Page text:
Publication: Street Railway Journal
New York, NY, United States
In the April issue of the STREET RAILWAY JOURNAL, some particulars were given of the third-rail railway at Coney Island. One of the important features of this line is the insulating blocks made of reconstructed granite, used between the rail sections. This material is so novel, and possess so many remarkable properties, that it is thought that a description of it would prove of interest.
"Reconstructed Granite" is exactly what its name implies, and consists of choice Maine granite, pulverized, moulded into form and fused together at a temperature of 3000 deg F. It differs from the natural stone, of which it is composed, in several very important respects, viz: (1) In being absolutely fireproof, as it can be heated red-hot and thrown into cold water without being in the slightest degree injured or affected thereby. (2.) It resists the action of every known solvent, acids and alkalies of all kinds, except hydro-fluoric acid, and is only superficially affected by that. (3.) It is absolutely frost-proof, having been tested in liquefied air at an estimated temperature of 350 deg. below zero not only without injury, but was as strong while frozen as before, and not at all brittle, in this respect differing from all other materials tested in this way. As it is a well-known fact that all natural rocks are disintegrated by extreme cold, and as 80 deg. to 90 deg. below zero is the coldest temperature known upon earth, the test is a severe one. (4.) Natural granite not only contains a considerable percentage of moisture, but has a constant tendency to absorb more when exposed to "dampness, whereas this material contains no moisture whatever, and being vitrified clear through (when prepared for electrical insulation), cannot absorb any. (5.) Its crushing strength, as shown by tests by the United States Government at the Watertown Arsenal, ranged as high as 14,560 lbs. per cubic inch, which is far above the average strength of the natural stone. Its tensile strength is from 480 to 500 lbs. per sq. inch.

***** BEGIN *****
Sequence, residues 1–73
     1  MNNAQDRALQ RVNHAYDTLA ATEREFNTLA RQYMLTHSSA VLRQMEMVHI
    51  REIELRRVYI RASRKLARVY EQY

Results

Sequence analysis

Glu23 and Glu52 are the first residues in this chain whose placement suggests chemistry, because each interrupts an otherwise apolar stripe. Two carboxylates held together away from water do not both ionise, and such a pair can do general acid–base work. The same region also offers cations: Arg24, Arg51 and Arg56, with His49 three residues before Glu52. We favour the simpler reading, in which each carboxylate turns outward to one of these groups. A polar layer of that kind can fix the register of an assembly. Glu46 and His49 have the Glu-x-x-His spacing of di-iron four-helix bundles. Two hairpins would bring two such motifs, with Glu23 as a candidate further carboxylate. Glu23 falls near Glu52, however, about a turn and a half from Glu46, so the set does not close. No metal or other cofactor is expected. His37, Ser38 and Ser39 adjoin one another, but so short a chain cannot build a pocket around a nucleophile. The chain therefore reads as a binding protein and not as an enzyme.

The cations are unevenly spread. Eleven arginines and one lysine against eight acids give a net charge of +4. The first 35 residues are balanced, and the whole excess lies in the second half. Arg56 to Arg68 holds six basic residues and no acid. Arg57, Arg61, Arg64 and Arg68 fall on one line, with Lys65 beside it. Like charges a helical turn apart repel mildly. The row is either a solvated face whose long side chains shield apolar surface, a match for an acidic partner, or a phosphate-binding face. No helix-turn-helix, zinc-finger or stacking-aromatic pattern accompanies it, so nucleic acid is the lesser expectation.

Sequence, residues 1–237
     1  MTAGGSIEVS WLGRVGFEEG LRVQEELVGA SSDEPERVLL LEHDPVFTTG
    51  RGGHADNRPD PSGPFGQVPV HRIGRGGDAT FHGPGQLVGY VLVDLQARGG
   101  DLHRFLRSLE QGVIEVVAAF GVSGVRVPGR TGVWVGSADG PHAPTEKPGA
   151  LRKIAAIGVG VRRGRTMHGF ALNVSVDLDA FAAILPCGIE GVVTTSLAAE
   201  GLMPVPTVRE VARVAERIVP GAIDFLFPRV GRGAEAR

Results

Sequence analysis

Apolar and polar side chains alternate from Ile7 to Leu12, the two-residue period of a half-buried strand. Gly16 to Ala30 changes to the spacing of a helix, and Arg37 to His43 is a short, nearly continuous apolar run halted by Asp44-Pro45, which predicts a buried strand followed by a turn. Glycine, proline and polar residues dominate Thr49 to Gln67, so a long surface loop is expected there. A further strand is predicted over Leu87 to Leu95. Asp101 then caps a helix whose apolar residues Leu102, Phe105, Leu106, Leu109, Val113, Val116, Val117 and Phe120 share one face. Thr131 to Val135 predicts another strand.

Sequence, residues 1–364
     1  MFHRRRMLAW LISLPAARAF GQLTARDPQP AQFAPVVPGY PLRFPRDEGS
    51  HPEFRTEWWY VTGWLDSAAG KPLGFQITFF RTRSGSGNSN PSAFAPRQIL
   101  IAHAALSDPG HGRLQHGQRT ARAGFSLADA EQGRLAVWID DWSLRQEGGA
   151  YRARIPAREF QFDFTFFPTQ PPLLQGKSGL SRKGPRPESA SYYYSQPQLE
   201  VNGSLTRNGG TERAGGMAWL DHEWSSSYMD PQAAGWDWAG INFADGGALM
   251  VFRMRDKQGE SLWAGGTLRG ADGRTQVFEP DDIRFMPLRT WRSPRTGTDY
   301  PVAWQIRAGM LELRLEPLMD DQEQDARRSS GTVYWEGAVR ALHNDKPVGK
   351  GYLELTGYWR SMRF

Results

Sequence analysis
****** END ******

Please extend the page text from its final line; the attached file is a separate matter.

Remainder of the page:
Its great strength, its uniformity throughout, its non-absorbent properties, and its susceptibility to being rapidly and economically moulded into all ordinary shapes, at a comparatively low cost, would seem to make it a valuable insulating material, especially for railway work, when it would be constantly exposed to the weather, and frequently buried under ground, for these reasons it is rapidly growing in favor upon electric railways, especially for third-rail insulation. Herewith are shown two forms of these insulating blocks made of this material, the first being the section insulator of the "Murphy system" tested at Manhattan Beach, and the other the cup insulators of what is known as the "Martin system." now being introduced upon the Brooklyn and other elevated railroads. There are also many other forms.
A recent test at Niagara Falls showed that it required 56,600 volts to penetrate about 1/2-in. of this material with a merely nominal absorption after soaking the fragments for many hours. Many other tests equally satisfactory have been made by eminent electricians.
Reconstructed granite is manufactured at Norristown, Pa., by the Reconstructed Granite Company, of New York. These works are very extensive, covering nearly 7 acres of ground, and have direct connection to all parts of the country by both the Pennsylvania Railroad and the Philadelphia & Reading (B. & O.) Railroad, both of which have sidings into the works.